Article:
It’s increasingly important to take care of your health these days. The likelihood of discovering that you are suffering from a rare disease is actually quite high.
So it was with some trepidation that I recently set off to visit my GP after being summoned to an emergency consultation. In this instance, my latrophobia had taken precedence over my hypochondria. I might be terrified of doctors, but the lure of a medical crisis won the day.
I had an inkling of what was about to confront me; it wasn’t an illness I’d heard of before, but the ramifications were unthinkable. I dragged my feet along the path to the surgery, convinced that these final few blissfully ignorant moments, would be my last and the return trip would condemn me to a lifetime (probably very short) of doing little else ever again, other than pursue a cure – if indeed that was possible.
I hesitated outside his door. I could make a run for it and just ignore my symptoms, or woman-up and confront my worst fears. It had been only a few days since an astonishing petition had come to my attention; a third year medical student from Perth, who had co-opted 2000 doctors to declare that any medicos who advocated against a ‘yes’ vote in the SSM debate, were as good as racists.
That was stunning news. In the warped world of a junior medical student, the same-sex attracted were a race. Presumably, she had had that confirmed by numerous well-thumbed, international DNA studies, but if they existed in cyberspace, I couldn’t find them. I had read the petition again, apparently if you were one of the 400 more traditional minded doctors or so, who poured Gravox over their roast lamb dinners, still hopefully hung up their stocking for Santa on Christmas Eve, and did not see any good reason to change the definition of that most unexpectedly divisive phrase, traditional marriage; you were the moral equivalent of a marauding, mass murdering colonialists from the bowels of history.
Crikey! And I had always deeply respected the medical profession. Little did I realise amongst their cohorts were those conservative medicos who Greens leader Richard Di Natale (a doctor himself) did not think trustworthy or capable of treating same sex patients without giving into a rush of acute homophobia.
In fact, allowing professionals who wish to perpetuate the ancient custom of “dual gender union” anywhere near those underage Alt-Rainbow-Vulnerables would be tantamount to inflicting “depression, anxiety, self-harm and suicidal behaviour”. I wondered if Richard knew any teenagers. In my limited experience as a mere parent, those conditions were pretty much compulsory, if not a badge of honour.
But surely those self-same doctors are equally vulnerable, as evidenced by Dr Pansy Lai, whose very livelihood was threatened after appearing in a Marriage Alliance ad advocating the ‘No’ vote? And I’ll hazard a guess that she felt both anxious and depressed at the tsunami of vitriol that engulfed her. Her position was both legal and respectful, yet was still considered by some to have been a sackable offence. Just because Pansy doesn’t like SSM doesn’t mean she doesn’t like homosexuals. Hell, her Christian name is more than proof of that.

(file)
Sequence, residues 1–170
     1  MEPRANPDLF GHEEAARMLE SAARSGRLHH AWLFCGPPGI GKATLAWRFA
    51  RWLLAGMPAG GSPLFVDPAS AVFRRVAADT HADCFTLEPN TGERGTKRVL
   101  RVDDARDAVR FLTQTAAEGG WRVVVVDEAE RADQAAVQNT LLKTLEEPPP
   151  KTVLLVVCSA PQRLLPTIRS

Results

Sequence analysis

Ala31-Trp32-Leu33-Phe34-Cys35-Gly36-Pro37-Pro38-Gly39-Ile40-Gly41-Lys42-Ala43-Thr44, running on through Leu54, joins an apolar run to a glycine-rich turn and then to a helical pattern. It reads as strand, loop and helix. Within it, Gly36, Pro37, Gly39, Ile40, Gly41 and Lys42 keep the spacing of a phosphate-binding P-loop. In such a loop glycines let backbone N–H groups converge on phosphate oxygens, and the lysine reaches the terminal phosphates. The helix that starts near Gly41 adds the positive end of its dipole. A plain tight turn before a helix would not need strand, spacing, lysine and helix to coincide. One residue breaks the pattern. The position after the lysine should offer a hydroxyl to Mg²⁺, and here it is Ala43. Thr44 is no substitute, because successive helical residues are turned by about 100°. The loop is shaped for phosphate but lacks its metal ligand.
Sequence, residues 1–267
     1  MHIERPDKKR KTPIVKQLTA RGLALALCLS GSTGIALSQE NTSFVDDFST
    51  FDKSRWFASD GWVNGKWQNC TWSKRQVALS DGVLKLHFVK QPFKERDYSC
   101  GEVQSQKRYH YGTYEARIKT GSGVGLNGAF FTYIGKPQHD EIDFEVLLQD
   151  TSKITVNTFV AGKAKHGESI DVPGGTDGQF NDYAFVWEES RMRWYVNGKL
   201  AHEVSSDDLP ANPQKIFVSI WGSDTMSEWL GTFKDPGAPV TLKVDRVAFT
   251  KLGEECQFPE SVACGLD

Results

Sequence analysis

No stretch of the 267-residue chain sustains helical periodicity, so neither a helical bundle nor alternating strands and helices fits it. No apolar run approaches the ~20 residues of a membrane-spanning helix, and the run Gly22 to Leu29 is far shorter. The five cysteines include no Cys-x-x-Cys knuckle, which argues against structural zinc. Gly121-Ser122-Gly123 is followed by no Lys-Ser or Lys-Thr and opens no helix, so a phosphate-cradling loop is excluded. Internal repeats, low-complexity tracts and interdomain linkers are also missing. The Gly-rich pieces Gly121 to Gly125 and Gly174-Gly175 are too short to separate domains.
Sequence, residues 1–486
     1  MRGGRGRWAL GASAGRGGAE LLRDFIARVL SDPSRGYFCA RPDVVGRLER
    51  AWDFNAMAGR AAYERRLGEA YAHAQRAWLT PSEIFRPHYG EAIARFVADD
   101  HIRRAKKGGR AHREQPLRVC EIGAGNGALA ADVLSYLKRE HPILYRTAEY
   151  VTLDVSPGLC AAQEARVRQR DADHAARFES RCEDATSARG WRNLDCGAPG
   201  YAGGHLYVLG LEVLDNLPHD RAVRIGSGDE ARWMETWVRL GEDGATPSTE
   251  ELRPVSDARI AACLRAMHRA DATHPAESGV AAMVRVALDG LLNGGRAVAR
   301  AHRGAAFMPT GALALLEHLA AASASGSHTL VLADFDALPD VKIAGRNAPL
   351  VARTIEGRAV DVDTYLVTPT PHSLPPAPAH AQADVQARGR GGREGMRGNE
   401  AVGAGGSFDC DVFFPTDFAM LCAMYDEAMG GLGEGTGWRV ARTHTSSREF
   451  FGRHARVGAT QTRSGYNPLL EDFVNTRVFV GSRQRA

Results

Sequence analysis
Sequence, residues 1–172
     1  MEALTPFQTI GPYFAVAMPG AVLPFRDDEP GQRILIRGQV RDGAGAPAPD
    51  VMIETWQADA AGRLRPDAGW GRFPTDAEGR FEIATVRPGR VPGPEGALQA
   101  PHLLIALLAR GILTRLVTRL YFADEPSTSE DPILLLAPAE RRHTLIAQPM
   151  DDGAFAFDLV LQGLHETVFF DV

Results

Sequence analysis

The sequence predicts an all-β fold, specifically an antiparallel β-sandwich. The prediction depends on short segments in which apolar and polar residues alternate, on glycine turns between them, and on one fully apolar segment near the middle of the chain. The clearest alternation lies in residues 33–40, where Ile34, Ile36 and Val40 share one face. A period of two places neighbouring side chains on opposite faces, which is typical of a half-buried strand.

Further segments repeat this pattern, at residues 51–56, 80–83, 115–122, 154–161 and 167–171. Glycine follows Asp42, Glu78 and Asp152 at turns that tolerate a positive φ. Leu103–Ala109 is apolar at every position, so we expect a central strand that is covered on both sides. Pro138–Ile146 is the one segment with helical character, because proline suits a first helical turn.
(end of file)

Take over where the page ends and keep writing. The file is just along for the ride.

The Spanish can now rest easy; it’s the Australian Medical Inquisition that we should all be worried about.
As I raised my hand to knock at the door, I paused. Even though I didn’t have a medical degree, I was about to be outed. My GP knew that I liked gravy on my roast dinners, he’d even asked me for my Gran’s recipe. It followed that he would know exactly how I intended to vote in the plebiscite. And if I was going to vote “no”, did that mean that I too was suffering from that foul incurable condition, racism?
Being accused of being a racist, of course, is no joke. It can disqualify you from flying on the national carrier (notice that I don’t dare even name them?) and cast aspersions on your character that would be harder to wipe clean than the blood from Lady Macbeth’s hands. Mind racing, I pictured future potential dinner party guests, all of them wearing white hoods.
It was time to face the music, I pushed open the door, resolving to accept whatever over-medication my doctor suggested – preferably pills of the variety that would calm my hand from self-harming, or trying to top myself, as a way out from the friendless, jobless days I could look forward to, post diagnosis.
Minutes later I was on the side walk, incredulous. Diagnosis: iron deficiency. It was straight into the pharmacy for supplements – after all, in the battle of the plebs vs. progressives in the SSM debate, I’m going to need all my strength.
Sarah Dudley Tweets at @MsSarahDudley.
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